17 March 2017
By Maynard Paton
Quick update on FW Thorpe (TFW).
Summary: Once again this lighting specialist has issued a very satisfactory set of results. The highlight was the performance of the group’s main division, which following a few subdued years has suddenly enjoyed a step-change to its financial progress. TFW’s other divisions reported impressive numbers, too, while the balance sheet remains teeming with surplus cash and investments. Throw in a coded management ‘upgrade’ for the full year and it’s perhaps no surprise the shares presently trade on an extended rating. I continue to hold.
Shares in issue: 115,675,590
Market capitalisation: £370m
Click here for my earlier TFW posts
* Growth of 20%, but no mention of currencies
November’s positive AGM statement had already suggested these first-half results could be very satisfactory.
In the event, revenue advanced 24% while operating profit gained 20%. The headline numbers were the first for 18 months that did not require any adjusting for a Dutch acquisition completed in April 2015.
TFW’s statement was somewhat unusual in light of the present economic climate, as there was no mention of currency movements. Some 28% of last year’s revenue was produced overseas and I wonder whether the weaker GBP helped bolster these figures.
* Sudden step-change at Thorlux
The chairman’s statement referred to an “exceptionally buoyant” first half at Thorlux, the group’s largest division.
I suspect Thorlux’s performance was supported by the division gaining extra income from not only manufacturing lights, but starting to install them for customers as well. At least that was the impression given within TFW’s 2016 annual report.
Either way, what is clear is that there has been a sudden step-change within Thorlux’s financial progress.
The division’s six-monthly revenue previously ran at about £27m and profit growth was mid-single digits. Now six-month revenue has jumped to £31m while H1 profit has improved 15%:
|Thorlux||H1 2015||H2 2015||H1 2016||H2 2016||H1 2017|
|Operating profit (£k)||5,105||6,162||5,166||6,633||5,933|
TFW’s statement admitted Thorlux’s H1 profitability had been hampered by greater levels of staff overtime to “satisfy the spikes in customer demand”.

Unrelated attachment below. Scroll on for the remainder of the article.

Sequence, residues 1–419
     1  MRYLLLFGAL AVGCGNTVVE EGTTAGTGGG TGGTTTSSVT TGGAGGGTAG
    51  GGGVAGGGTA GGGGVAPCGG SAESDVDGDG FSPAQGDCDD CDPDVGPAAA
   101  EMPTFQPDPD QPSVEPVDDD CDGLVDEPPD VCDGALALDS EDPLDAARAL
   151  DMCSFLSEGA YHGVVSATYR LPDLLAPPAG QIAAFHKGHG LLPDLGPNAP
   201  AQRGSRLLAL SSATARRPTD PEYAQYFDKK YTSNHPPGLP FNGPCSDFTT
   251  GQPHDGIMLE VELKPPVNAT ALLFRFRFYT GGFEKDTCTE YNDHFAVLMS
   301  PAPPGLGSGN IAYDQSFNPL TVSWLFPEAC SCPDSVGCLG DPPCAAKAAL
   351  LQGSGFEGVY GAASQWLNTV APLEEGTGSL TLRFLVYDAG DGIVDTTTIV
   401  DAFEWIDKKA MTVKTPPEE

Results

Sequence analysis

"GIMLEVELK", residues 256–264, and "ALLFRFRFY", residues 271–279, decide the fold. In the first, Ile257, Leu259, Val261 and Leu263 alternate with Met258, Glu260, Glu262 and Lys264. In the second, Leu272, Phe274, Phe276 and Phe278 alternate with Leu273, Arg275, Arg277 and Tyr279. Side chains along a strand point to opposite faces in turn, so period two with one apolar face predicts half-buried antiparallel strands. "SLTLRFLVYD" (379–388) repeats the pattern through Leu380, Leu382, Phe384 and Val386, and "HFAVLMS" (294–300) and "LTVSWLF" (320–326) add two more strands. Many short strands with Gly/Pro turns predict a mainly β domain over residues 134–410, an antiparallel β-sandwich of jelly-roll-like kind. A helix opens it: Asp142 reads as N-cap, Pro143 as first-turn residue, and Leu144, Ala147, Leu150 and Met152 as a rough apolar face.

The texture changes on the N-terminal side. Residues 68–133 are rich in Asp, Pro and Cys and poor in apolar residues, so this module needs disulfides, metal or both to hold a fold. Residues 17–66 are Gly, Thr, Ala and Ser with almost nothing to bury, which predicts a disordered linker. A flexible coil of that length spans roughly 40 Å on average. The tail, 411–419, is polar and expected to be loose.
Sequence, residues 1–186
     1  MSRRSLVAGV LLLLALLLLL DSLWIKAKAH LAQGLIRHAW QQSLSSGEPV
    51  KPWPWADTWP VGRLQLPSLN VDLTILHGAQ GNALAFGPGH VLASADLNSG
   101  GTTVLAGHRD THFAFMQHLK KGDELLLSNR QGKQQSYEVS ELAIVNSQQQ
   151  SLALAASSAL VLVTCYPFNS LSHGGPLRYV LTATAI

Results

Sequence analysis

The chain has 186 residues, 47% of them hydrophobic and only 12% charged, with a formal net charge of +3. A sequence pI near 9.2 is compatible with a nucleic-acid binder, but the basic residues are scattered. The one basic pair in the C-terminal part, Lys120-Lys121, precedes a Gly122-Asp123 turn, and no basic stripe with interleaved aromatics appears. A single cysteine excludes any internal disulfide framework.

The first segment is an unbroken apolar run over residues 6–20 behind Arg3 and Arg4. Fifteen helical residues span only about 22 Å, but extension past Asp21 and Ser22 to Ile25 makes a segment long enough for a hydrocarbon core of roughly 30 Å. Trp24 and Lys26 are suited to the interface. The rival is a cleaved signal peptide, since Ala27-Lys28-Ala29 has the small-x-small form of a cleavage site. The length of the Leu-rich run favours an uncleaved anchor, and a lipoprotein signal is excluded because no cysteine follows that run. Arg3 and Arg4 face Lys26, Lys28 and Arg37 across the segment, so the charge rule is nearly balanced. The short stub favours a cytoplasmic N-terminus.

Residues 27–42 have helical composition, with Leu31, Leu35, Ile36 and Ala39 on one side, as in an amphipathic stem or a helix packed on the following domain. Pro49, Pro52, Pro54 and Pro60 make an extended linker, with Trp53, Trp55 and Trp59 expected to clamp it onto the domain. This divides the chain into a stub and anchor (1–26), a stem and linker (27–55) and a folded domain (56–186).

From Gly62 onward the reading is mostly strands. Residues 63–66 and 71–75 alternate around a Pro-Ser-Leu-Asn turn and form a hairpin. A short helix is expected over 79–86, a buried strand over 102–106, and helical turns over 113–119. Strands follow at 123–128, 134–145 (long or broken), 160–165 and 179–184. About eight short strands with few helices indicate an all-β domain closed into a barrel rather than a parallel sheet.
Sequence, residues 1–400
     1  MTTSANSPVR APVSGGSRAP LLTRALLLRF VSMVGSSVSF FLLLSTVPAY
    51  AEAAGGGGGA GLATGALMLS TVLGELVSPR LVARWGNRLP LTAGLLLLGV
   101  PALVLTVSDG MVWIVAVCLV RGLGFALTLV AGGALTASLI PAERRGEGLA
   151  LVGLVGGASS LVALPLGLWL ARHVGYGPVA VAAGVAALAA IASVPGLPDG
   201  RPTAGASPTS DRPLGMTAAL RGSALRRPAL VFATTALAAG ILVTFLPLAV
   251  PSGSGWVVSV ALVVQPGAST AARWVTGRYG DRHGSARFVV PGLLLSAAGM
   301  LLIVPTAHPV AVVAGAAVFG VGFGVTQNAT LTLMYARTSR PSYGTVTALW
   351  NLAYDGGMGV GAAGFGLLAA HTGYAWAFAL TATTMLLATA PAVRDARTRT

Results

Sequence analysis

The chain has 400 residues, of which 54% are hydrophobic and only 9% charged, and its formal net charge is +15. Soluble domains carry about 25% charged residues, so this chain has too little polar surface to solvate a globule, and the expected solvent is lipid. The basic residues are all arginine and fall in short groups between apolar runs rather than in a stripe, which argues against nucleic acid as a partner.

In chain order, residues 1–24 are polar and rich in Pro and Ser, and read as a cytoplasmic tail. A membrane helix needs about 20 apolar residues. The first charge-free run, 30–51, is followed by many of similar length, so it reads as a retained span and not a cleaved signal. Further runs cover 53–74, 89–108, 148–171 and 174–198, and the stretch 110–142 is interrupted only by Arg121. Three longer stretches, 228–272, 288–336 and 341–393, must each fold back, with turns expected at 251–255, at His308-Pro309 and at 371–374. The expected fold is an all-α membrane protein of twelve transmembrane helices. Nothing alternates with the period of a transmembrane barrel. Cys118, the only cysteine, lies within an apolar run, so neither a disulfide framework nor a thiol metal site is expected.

However, the group admitted “it [was] unlikely… such levels of activity will persist”, which I guess means Thorlux’s second half may not be as productive.
Anyway, despite the overtime, Thorlux’s H1 margin was still a robust 19% to support the wider 15% group margin.
* Impressive progress at Lightronics and ‘Other’ UK divisions
The performance of TFW’s Dutch acquisition, Lightronics, continues to impress.
Following a tremendous 2016 performance, this H1 witnessed Lightronics revenue climb a further 38% to £9.7m and profit jump another 57% to £1.1m.
“One off projects” were said to have helped the Dutch operation.
(I note the sum TFW owes to Lightronics’ former owners as an ‘earn-out’ has increased once again and now stands at £4.8m).
Meanwhile, TFW’s handful of smaller UK divisions collectively put in another strong effort. Revenue here climbed 34% to £10.0m and took operating profit 45% higher to £0.6m.
* Cash flow and balance sheet
I could find nothing untoward within TFW’s cash flow statement.
Favourable working-capital movements were counterbalanced by modestly higher capex, and an extra £2m was added to the group’s bank balance.
I calculate TFW’s cash and investments now stand at £39m, with various other ‘surplus’ financial assets and the Lightronics earn-out liability taking the overall financial position to £41m (or 36p per share).
I am pleased TFW’s final-salary pension scheme continues to show a surplus.
Operating profit for the year ending December 2016 was £17.4m and, after applying tax at the 20% seen in this H1 statement, earnings come to about £14.0m or 12.1p per share.
Adjusting the present £370m market cap (at 320p) for the group’s net cash, investments and the Lightronics earn-out, I come to an enterprise value (EV) of £329m or 284p per share.
Dividing that 284p per share EV figure by my 12.1p earnings guess gives me a trailing P/E of 23.
Back in September my sums pointed to a multiple of 19 and I remarked: “I suppose that multiple is understandable given the recent performance of Lightronics and the chance this new division could help deliver double-digit growth for the wider group in the coming year.”
With Thorlux and the ‘Other’ UK operations now joining Lightronics to boast impressive double-digit growth, I suppose it is no surprise the multiple has since extended to 23.
But just how long TFW can sustain the 20% expansion pace seen in this H1 statement remains to be seen.
Interestingly, the group’s seasoned managers look to have ‘upgraded’ their full-year outlook — they were previously “cautiously optimistic” but are now simply “optimistic”. The executives here are about as conservative as they come, so perhaps there is the possibility a superior growth rate can be maintained.
Finally, TFW’s dividend policy remains as tight-fisted as ever.
Although this interim payout was lifted 12.5%, the trailing 4.2p per share payout is a sizeable three times covered by my earnings guess — and a hefty nine times covered by the cash and investment hoard.
The yield at 320p is 1.3%.
Disclosure: Maynard owns shares in FW Thorpe.